PwC: Oil prices to drop dramatically due to shale oil

14 May 2013

According to US Energy Information Administration (EIA), the world's most influential analyst in the area of oil prices, the price of oil will rise the coming two decades to $133 per barrel in 2035. The large majority of others analysts, such as analists from large banks or credit agencies, generally predict the same: a gradually increasing oil price. Important drivers are oil scarcity, increasing oil consumption from the maturing emerging markets and lagging growth in renewable energy resources. A recent report from PwC comes to the surprising conclusion that the majority of renowned analysts are wrong. In their thought process they have forgotten about the mega impact van shale oil*.

In the report 'Shale Oil: The Next Energy Revolution' the consultants calculate that the upcoming trend of shale oil will heavily impact the supply and demand of oil. The consulting firm predicts that the production of shale oil could increase to 12% of the total oil production. As a result oil prices will not increase but actually fall. In fact, in the most optimistic scenario of the development of shale oil exploration, oil prices might even drop structurally by up to 40%.


In the EIA-based prediction, the price of oil will come out at $ 133 dollars per barrel in 2035. PwC developed two cases. In the 'reference case' the OPEC respond to increases in shale oil production by maintaining its oil prices around $100 dollars per barrel. In the 'low case' OPEC does not respond by lowering volume of production, so the increased supply leads to a fall of the oil price to around $83 per barrel by 2035.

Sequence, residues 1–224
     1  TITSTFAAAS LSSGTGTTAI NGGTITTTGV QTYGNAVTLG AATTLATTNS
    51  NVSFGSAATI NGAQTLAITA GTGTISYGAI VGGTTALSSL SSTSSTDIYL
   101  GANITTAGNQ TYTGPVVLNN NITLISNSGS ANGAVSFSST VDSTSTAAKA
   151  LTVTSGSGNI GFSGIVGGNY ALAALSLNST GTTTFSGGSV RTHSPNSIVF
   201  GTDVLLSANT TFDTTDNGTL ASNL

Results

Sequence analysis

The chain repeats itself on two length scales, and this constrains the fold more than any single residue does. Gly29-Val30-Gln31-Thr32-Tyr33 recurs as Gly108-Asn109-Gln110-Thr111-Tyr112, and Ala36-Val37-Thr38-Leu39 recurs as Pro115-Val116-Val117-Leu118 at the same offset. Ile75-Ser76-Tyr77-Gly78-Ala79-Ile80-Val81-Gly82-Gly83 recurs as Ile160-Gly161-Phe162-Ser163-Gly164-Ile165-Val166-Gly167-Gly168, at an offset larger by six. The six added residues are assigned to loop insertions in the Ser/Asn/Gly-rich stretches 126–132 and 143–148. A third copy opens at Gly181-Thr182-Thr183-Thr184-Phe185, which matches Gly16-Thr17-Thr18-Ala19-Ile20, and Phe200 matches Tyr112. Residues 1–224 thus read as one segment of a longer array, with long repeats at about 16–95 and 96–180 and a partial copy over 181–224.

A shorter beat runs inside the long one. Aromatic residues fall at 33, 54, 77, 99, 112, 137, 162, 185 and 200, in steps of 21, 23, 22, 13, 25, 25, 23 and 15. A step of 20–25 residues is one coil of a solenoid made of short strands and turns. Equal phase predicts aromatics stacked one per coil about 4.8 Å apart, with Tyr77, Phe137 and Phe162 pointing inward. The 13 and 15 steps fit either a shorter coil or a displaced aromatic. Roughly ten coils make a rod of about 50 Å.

PwC - Ontwikkeling van Olieprijs

In the reference case, the rise of shale oil leads to a drop in the oil price by 25%. The low case shows a much larger price drop - around 40% by 2035. This amounts to a price per barrel that is $50 cheaper compared to the EIA baseline projection.

Impact on companies

According to PwC the falling oil price will have a big impact on governments and companies. Oil companies should take the falling oil prices into account for their scenario analysis and reassess their portfolios. At the same time they will have to adapt their business models to better suit the smaller scale production needed to produce shale oil.

Shale oil also requires a new way of thinking in government. If governments want to keep their revenues from the extraction of oil up to standard then they should stimulate further unconventional sources. The Big4 firm also expects that shale oil "will have significant impact on geopolitical relations", for example, between the United States, China and the OPEC countries.


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